German-born American Hudson River School Painter, 1830-1902
Bierstadt was born in Solingen, Germany. His family moved to New Bedford, Massachusetts, in 1833. He studied painting with the members of the D??sseldorf School in D??sseldorf, Germany from 1853 to 1857. He taught drawing and painting briefly before devoting himself to painting.
Bierstadt began making paintings in New England and upstate New York. In 1859, he traveled westward in the company of a Land Surveyor for the U.S. government, returning with sketches that would result in numerous finished paintings. In 1863 he returned west again, in the company of the author Fitz Hugh Ludlow, whose wife he would later marry. He continued to visit the American West throughout his career.
Though his paintings sold for princely sums, Bierstadt was not held in particularly high esteem by critics of his day. His use of uncommonly large canvases was thought to be an egotistical indulgence, as his paintings would invariably dwarf those of his contemporaries when they were displayed together. The romanticism evident in his choices of subject and in his use of light was felt to be excessive by contemporary critics. His paintings emphasized atmospheric elements like fog, clouds and mist to accentuate and complement the feel of his work. Bierstadt sometimes changed details of the landscape to inspire awe. The colors he used are also not always true. He painted what he believed is the way things should be: water is ultramarine, vegetation is lush and green, etc. The shift from foreground to background was very dramatic and there was almost no middle distance
Nonetheless, his paintings remain popular. He was a prolific artist, having completed over 500 (possibly as many as 4000) paintings during his lifetime, most of which have survived. Many are scattered through museums around the United States. Prints are available commercially for many. Original paintings themselves do occasionally come up for sale, at ever increasing prices. Related Paintings of Albert Bierstadt :. | Last of the Buffalo | The Wetterhorn | Moonlit_Landscape | Alaskan Coastal Range | New Hampshire |
Related Artists:Orsi, Lelio
Italian, approx. 1508-87
.Italian painter and draughtsman. A prominent Emilian artist of the mid-16th century, he was influenced by Correggio as well as by the late Mannerist style of Giulio Romano. His large-scale works seem to have been mainly secular decorations, notably illusionistic fa?ades, of which only fragments are extant. Their energy and expressiveness are apparent, however, in the surviving paintings of smaller dimensions. Orsi's sole documented architectural work is the Collegiata di S Stefano, Novellara Georeg frederic watts,O.M.S,R.A.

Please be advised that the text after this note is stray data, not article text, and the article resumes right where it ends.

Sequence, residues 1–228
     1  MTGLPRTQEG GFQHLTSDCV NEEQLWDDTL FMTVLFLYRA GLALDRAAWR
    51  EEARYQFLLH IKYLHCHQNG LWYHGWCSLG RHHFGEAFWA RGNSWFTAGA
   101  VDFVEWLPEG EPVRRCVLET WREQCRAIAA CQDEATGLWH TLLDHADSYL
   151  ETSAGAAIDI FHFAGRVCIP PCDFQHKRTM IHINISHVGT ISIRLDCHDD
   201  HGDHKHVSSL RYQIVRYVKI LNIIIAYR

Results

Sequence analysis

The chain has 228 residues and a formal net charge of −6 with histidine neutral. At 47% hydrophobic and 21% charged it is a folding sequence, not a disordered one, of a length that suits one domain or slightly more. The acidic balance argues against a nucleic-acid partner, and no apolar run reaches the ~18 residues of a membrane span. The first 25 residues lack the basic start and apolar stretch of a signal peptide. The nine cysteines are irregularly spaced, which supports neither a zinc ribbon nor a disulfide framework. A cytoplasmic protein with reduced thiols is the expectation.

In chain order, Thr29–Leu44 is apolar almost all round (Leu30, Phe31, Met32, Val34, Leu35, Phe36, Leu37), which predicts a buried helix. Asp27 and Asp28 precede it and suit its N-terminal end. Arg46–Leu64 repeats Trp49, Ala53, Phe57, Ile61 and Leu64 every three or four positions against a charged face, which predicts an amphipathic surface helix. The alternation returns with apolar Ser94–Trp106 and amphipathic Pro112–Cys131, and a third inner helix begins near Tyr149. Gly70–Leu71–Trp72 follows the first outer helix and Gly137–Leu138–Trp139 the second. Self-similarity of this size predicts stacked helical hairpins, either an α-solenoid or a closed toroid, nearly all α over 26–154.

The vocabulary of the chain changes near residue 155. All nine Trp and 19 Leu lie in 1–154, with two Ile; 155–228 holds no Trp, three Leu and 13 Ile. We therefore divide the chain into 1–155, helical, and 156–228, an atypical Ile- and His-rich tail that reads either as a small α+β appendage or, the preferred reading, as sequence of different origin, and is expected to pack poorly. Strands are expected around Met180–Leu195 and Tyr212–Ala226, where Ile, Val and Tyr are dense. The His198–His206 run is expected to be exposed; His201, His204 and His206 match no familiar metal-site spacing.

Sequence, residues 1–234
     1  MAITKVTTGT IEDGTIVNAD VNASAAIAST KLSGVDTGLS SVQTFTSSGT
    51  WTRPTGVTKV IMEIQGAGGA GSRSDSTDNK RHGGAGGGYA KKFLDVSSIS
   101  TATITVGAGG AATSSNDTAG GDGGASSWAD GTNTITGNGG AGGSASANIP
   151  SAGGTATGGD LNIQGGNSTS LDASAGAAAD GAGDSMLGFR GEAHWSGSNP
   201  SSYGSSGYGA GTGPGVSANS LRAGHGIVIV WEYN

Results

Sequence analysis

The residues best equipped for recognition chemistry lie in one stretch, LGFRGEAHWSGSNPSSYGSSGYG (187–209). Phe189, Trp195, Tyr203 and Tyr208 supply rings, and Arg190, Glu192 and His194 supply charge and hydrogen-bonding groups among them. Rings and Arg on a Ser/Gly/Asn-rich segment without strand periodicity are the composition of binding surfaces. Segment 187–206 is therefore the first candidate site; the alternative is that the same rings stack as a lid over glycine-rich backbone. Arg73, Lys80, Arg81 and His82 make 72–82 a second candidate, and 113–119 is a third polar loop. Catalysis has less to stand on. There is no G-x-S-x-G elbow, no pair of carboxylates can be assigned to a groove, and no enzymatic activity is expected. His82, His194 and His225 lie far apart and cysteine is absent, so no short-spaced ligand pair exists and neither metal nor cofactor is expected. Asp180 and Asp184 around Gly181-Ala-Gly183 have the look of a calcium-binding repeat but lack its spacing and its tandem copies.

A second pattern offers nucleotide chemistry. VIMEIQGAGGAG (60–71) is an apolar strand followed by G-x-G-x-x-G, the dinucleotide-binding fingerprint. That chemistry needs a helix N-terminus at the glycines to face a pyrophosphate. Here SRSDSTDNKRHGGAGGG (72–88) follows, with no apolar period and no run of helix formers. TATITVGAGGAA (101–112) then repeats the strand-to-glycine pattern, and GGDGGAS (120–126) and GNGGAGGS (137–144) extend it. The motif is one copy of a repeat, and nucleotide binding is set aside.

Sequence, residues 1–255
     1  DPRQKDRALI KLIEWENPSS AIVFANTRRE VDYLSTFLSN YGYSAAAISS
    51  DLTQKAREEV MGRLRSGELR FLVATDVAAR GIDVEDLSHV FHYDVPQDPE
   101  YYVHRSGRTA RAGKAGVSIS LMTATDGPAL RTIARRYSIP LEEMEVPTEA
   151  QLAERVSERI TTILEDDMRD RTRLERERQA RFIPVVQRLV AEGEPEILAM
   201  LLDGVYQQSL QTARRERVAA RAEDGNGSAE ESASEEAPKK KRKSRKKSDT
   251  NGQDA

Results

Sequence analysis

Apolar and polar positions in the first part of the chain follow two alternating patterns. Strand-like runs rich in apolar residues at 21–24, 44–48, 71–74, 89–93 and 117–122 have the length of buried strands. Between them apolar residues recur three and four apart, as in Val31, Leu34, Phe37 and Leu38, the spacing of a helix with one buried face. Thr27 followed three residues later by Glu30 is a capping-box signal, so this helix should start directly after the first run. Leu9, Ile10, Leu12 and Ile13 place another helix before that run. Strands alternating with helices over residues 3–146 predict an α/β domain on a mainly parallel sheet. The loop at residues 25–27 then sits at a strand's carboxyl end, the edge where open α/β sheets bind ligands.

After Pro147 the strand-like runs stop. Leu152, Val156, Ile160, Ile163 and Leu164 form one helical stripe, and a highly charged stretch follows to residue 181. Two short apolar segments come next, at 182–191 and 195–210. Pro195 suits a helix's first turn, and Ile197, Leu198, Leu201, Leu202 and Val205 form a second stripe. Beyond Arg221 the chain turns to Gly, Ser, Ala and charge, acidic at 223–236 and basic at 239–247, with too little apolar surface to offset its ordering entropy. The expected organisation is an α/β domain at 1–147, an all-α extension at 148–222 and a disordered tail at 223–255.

French Post-Impressionist Painter and Printmaker, 1864-1901
Henri de Toulouse-Lautrec, a direct descendant of the counts of Toulouse, was born on Nov. 24, 1864, at Albi. His eccentric father lived in provincial luxury, hunting with falcons and collecting exotic weapons. Henri began to draw at an early age. He suffered a fall in 1878 and broke one femur; in 1879 he fell again and broke the other one. His legs did not heal properly; his torso developed normally, but his legs were permanently deformed.
Encouraged by his first teachers, the animal painters Rene Princeteau and John Lewis Brown, Toulouse-Lautrec decided in 1882 to devote himself to painting, and that year he left for Paris. Enrolling at the Ecole des Beaux-Arts, he entered the studio of Fernand Cormon. In 1884 Toulouse-Lautrec settled in Montmartre, where he stayed from then on, except for short visits to Spain, where he admired the works of El Greco and Diego Velazquez; Belgium; and England, where he visited Oscar Wilde and James McNeill Whistler. At one point Toulouse-Lautrec lived near Edgar Degas, whom he valued above all other contemporary artists and by whom he was influenced. From 1887 his studio was on the Rue Caulaincourt next to the Goupil printshop, where he could see examples of the Japanese prints of which he was so fond.
Toulouse-Lautrec habitually stayed out most of the night, frequenting the many entertainment spots about Montmartre, especially the Moulin Rouge cabaret, and he drank a great deal. His loose living caught up with him: he suffered a breakdown in 1899, and his mother had him committed to an asylum at Neuilly. He recovered and set to work again. He died on Sept. 9, 1901, at the family estate at Malrome.